A group of people plant cactus in a large, arid field.


At a Glance

Madagascar is home to a diverse and unique range of species and ecosystems, many of them vulnerable to current and future climate patterns. The driving sectors of the country's economy also rely on climate-sensitive natural resources, including predominantly rain-fed agriculture, fisheries and livestock production. The combination of food insecurity and a high risk of cyclone renders human health, coastal ecosystems, water and other sectors especially vulnerable to climate change. Forestry and land-use change contribute more than half of overall greenhouse gas emissions.

    Climate Projections and Impacts

    Refer to the Climate Risk Profile (2016) for more information

    Climate Projections


    Increased Frequency/Intensity of Extreme Weather Events


    Increased Precipitation Unpredictability/Variability


    Increased Temperature

    Key Climate Impact Areas



    Coastal Ecosystems

    Human Health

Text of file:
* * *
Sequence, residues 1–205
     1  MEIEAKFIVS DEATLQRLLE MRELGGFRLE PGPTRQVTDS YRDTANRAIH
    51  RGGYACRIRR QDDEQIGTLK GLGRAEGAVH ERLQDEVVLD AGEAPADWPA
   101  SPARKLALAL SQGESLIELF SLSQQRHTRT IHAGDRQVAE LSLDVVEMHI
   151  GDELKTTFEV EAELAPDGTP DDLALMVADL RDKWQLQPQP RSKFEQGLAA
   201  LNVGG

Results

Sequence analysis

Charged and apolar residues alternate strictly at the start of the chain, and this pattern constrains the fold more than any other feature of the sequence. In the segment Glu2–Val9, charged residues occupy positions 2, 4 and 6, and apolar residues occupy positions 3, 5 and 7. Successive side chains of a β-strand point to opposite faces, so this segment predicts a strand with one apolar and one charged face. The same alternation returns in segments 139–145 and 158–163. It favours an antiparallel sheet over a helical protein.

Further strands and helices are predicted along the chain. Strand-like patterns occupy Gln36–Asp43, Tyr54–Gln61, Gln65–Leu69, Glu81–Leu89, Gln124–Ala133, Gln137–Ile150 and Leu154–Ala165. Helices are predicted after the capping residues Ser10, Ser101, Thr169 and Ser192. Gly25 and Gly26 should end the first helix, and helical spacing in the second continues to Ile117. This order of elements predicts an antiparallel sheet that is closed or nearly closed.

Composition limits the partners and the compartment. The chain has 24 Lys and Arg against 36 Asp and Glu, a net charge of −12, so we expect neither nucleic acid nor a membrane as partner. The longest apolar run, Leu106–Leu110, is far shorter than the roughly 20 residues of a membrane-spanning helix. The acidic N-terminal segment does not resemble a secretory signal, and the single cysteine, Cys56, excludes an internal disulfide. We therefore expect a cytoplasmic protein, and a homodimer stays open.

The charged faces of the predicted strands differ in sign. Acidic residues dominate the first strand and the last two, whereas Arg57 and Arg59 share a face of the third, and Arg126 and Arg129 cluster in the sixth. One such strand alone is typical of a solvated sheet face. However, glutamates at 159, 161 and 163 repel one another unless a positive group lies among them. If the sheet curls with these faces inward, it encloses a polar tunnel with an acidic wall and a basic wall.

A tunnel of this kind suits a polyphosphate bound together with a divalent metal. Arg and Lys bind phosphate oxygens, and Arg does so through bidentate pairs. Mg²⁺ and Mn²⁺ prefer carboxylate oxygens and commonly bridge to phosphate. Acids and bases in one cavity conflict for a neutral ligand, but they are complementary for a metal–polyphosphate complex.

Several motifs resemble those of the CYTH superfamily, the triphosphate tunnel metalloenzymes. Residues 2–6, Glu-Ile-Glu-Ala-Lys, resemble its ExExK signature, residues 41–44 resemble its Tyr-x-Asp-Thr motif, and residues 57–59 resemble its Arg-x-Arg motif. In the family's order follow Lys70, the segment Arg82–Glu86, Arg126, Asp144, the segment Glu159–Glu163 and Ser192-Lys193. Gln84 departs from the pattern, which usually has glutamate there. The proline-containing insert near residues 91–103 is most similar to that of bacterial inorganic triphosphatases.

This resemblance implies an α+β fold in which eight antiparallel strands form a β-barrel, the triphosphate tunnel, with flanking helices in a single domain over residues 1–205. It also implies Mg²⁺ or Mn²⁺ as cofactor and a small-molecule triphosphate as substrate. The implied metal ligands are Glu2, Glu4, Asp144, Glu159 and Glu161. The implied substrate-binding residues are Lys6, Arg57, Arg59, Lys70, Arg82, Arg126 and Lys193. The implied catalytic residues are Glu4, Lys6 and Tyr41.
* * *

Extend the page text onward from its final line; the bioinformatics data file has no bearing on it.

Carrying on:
Funding and Key Indicators

    USAID Climate Change Funding (2020)


    $2.5 Million


    $2 Million

    Sustainable Landscapes


    GAIN Vulnerability


    Population (2020)

    26.96 Million

    GHG Emissions Growth


    % Forested Area


    Climate Change Information

    Madagascar Photo Gallery

    Stories from the Area

    Jean Bruno, nursery agent, and his wife work at their tree nursery in Sahambavy, Fianarantsoa, Centra Madagascar. In Madagascar, where bush fire and slash hand-burn agriculture are a common practice, reforestation is crucial. The ASOTRY project, implemented by ADRA and funded by USAID/FFP, restores forests through reforestation activities.
    In November, I took a canoe trip down a rural western Madagascar river expecting to see a lot of lemurs, but instead I saw thousands of hectares of burned-down forest. The problem extends all over Madagascar, even encroaching on national parks.